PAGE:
I should like to discuss Liverpool's far-reaching problems but I do not have the time. The building for sale and the sale of council houses is a complete disgrace when we have 15,000 people on the waiting list and when the housing department in Liverpool has at least 45,000 outstanding repairs to carry out. In Liverpool the council tenant is the whipping boy of Liberal policies. The Liberals are increasing rents and not carrying out repairs. They are building for sale in prime spots in the centre of Liverpool. Liverpool is not carrying out its job as a housing authority.

I have been attacked personally and privately by the leader of the Liberal Party in Liverpool. The Liberals in Liverpool are a disgrace to the great traditions of the old Liberal Party. I have already written to Mr. Speaker seeking his ruling on the question of a breach of parliamentary privilege. I will, in my own time, if necessary in the House, use privilege to expose some of the Liberal leaders in Liverpool, because some of their lies and morals are a disgrace and make Peyton Place look like Coronation Street.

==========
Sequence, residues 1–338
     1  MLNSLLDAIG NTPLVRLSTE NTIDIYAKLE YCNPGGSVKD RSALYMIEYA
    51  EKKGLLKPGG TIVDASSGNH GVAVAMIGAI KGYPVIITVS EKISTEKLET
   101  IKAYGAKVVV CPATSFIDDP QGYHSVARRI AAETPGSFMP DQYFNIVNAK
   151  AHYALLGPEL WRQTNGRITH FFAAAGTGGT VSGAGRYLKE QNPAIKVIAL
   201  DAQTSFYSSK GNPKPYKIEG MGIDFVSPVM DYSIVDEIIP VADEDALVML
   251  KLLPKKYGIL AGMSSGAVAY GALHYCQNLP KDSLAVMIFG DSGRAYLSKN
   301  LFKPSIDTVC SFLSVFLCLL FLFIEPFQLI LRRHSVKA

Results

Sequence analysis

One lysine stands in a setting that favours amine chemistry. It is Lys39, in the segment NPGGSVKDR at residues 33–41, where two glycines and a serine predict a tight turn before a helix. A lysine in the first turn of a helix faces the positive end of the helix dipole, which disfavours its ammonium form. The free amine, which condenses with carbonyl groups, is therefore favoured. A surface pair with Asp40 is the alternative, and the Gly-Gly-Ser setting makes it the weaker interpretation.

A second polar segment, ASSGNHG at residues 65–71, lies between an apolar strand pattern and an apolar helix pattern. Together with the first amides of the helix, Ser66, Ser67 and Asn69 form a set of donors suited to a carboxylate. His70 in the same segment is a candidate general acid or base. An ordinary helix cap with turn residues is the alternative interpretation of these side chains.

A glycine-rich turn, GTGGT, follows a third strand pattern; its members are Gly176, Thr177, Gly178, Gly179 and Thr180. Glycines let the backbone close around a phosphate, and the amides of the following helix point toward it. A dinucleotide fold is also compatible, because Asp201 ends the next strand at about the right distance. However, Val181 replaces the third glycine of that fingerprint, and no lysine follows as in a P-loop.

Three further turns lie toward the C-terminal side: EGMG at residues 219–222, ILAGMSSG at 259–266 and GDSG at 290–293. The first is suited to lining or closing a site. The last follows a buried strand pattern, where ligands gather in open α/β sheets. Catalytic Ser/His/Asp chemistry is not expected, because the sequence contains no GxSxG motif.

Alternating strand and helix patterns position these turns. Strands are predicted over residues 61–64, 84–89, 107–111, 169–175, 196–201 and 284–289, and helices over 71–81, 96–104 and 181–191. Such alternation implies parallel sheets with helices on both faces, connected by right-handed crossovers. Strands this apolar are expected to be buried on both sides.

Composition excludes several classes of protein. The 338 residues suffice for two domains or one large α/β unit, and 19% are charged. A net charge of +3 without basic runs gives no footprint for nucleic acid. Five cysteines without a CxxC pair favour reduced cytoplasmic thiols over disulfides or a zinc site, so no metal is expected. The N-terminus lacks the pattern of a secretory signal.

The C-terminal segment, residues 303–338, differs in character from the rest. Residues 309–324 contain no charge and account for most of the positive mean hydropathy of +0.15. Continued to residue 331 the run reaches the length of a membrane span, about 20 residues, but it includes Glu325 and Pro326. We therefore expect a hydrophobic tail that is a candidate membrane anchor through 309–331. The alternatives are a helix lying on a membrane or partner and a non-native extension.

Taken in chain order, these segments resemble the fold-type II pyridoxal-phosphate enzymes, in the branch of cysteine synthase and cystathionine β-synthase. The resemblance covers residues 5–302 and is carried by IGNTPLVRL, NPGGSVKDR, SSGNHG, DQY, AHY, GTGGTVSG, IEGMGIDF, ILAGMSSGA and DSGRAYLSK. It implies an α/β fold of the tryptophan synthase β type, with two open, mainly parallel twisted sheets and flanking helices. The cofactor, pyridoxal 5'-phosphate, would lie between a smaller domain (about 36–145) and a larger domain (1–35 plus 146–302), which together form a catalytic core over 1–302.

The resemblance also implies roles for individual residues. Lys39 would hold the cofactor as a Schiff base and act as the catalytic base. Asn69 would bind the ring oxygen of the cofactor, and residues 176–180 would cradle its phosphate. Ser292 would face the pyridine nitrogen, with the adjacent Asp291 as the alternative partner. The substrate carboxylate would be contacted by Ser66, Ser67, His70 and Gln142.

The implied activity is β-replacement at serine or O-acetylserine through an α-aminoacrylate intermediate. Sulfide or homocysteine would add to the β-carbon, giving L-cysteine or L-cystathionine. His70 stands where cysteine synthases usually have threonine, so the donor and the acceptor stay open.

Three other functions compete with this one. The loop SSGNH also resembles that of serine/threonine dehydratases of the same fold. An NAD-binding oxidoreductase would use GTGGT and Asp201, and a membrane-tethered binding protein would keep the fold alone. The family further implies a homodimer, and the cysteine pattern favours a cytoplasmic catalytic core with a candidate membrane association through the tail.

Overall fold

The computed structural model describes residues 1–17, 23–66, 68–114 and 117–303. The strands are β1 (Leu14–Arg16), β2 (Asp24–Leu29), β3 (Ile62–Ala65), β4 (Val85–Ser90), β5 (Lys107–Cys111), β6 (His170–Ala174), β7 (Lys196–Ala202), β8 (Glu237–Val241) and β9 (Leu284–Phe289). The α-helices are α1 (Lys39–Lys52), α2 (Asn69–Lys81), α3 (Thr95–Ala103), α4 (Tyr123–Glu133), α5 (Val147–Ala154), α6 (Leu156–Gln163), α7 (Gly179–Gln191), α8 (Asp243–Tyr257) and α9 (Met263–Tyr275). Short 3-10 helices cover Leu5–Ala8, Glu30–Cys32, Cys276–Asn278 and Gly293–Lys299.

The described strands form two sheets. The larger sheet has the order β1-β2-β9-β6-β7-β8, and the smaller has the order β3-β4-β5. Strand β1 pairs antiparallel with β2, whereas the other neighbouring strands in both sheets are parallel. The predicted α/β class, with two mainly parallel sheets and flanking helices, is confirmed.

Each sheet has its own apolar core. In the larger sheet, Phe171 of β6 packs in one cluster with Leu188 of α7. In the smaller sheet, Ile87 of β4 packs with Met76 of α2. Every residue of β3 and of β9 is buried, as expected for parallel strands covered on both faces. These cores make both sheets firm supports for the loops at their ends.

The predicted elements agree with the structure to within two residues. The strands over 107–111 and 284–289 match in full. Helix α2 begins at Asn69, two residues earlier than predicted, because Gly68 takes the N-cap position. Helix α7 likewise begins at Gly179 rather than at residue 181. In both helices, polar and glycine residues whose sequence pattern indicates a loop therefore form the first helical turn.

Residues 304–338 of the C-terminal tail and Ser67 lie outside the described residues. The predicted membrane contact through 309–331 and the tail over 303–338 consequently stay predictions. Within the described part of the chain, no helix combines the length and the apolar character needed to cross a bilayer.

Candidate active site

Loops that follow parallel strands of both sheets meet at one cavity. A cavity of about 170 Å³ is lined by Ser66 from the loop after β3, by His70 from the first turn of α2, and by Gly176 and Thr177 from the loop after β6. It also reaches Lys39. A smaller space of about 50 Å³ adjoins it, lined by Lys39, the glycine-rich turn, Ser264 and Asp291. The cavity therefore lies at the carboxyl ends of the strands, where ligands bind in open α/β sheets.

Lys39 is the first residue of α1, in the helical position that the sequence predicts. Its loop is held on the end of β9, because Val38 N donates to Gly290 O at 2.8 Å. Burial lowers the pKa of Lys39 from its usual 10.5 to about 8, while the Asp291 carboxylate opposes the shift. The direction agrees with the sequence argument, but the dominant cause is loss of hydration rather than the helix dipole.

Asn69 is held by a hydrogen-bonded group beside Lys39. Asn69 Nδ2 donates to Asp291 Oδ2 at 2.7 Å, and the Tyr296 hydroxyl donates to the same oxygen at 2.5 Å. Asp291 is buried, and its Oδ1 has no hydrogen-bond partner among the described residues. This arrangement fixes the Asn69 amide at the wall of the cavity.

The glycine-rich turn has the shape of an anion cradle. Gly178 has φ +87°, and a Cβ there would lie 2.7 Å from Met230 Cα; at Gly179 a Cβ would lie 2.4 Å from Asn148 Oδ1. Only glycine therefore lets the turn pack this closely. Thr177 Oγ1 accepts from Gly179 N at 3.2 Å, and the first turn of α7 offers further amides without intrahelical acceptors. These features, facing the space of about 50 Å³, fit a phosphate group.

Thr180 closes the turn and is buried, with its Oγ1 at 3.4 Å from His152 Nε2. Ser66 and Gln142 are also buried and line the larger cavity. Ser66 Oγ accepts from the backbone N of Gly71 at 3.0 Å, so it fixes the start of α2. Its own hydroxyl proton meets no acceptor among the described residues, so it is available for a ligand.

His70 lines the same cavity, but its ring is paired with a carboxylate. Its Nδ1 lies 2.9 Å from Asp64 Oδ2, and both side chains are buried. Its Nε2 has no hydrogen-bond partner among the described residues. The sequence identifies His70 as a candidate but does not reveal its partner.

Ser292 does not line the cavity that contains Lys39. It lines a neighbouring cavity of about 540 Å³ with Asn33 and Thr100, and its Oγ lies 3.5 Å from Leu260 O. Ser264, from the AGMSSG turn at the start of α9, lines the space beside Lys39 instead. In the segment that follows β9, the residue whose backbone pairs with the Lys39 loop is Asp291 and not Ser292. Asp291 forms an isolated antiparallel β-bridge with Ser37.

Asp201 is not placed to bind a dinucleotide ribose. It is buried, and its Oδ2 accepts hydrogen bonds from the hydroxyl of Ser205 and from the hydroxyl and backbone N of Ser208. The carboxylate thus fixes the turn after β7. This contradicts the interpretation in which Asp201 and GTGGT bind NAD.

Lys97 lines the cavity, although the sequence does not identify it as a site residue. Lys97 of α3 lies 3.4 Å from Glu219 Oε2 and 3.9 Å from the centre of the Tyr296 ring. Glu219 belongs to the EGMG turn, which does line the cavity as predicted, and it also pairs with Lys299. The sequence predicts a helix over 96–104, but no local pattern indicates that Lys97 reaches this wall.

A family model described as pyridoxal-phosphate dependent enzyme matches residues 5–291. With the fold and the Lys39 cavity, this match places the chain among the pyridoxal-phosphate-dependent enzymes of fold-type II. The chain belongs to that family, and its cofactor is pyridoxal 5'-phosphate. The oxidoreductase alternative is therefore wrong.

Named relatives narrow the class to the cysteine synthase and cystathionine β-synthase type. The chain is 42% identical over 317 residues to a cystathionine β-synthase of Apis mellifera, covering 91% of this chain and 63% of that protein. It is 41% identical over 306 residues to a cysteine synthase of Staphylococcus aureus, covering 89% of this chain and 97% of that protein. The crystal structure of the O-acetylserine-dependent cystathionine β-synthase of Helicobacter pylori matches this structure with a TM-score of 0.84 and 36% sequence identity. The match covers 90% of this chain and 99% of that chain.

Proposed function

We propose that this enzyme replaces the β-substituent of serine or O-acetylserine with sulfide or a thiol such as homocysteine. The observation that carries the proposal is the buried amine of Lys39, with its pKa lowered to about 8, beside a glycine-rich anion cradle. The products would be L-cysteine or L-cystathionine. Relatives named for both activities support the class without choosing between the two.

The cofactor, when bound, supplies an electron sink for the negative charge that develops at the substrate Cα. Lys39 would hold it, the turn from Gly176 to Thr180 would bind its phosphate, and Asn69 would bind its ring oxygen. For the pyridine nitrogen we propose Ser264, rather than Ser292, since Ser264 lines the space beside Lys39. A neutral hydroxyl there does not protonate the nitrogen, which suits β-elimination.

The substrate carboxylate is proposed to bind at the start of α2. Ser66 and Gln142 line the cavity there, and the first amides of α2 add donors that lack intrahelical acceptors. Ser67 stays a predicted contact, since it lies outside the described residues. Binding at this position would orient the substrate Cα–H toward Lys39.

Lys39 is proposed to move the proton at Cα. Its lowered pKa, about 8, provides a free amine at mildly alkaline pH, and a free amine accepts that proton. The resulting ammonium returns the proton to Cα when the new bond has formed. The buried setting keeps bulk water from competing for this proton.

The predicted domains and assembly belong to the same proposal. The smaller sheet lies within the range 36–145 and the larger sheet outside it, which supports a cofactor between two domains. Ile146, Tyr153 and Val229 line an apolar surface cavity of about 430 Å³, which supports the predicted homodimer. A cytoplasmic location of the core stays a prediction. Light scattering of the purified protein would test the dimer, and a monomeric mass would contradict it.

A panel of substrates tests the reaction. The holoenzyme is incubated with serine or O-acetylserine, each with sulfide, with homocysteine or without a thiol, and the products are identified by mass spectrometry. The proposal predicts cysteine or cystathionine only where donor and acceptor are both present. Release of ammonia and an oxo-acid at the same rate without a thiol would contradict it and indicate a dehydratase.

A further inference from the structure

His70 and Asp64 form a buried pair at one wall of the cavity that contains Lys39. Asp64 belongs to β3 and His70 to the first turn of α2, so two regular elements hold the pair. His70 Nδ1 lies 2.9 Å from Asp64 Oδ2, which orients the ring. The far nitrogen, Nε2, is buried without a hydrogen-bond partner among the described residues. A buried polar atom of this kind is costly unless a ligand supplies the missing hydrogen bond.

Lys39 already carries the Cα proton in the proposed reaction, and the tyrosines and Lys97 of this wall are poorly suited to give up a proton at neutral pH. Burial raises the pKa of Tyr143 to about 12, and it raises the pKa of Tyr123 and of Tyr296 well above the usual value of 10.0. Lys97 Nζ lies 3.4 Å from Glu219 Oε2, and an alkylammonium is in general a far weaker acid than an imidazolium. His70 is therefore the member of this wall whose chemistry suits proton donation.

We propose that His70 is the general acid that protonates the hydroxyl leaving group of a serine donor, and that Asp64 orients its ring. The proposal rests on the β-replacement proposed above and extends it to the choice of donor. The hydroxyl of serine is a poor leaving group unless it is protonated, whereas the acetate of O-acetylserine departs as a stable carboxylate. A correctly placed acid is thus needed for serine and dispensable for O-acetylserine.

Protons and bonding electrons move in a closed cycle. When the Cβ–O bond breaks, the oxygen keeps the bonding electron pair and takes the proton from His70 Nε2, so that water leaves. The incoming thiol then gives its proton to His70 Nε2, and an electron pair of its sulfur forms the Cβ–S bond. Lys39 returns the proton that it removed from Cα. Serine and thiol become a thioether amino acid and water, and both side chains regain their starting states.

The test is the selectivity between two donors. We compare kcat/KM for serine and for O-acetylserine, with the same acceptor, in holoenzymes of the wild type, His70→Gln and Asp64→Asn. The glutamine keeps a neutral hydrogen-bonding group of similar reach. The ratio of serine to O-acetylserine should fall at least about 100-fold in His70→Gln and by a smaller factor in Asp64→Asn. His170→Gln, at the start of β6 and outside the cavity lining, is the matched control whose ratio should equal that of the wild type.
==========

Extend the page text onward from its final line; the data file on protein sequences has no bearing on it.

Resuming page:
12.47 a.m.

In the very few minutes remaining, may I say that Liverpool has a very serious problem in housing as in other things? We have a real interest in ensuring that sensible and realistic policies are followed. The local council is by law the provider of housing. It is not for the Government to assert that they know best what is suitable for each area. Nevertheless, the Government have an overall interest in housing and we watch very closely the activities of the various local authorities.